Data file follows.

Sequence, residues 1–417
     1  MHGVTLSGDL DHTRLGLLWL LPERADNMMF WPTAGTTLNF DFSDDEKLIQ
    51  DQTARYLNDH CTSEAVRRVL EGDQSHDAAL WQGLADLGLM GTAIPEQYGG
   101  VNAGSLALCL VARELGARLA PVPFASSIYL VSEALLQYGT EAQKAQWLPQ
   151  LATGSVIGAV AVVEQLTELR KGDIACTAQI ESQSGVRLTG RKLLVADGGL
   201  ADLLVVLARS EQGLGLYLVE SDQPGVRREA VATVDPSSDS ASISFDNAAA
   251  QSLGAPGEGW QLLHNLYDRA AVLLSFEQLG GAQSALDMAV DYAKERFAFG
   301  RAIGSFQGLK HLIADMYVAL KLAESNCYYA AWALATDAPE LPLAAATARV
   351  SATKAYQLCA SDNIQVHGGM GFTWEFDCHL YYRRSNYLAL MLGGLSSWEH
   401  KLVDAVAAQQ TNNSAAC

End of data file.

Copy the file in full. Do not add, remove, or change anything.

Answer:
Sequence, residues 1–417
     1  MHGVTLSGDL DHTRLGLLWL LPERADNMMF WPTAGTTLNF DFSDDEKLIQ
    51  DQTARYLNDH CTSEAVRRVL EGDQSHDAAL WQGLADLGLM GTAIPEQYGG
   101  VNAGSLALCL VARELGARLA PVPFASSIYL VSEALLQYGT EAQKAQWLPQ
   151  LATGSVIGAV AVVEQLTELR KGDIACTAQI ESQSGVRLTG RKLLVADGGL
   201  ADLLVVLARS EQGLGLYLVE SDQPGVRREA VATVDPSSDS ASISFDNAAA
   251  QSLGAPGEGW QLLHNLYDRA AVLLSFEQLG GAQSALDMAV DYAKERFAFG
   301  RAIGSFQGLK HLIADMYVAL KLAESNCYYA AWALATDAPE LPLAAATARV
   351  SATKAYQLCA SDNIQVHGGM GFTWEFDCHL YYRRSNYLAL MLGGLSSWEH
   401  KLVDAVAAQQ TNNSAAC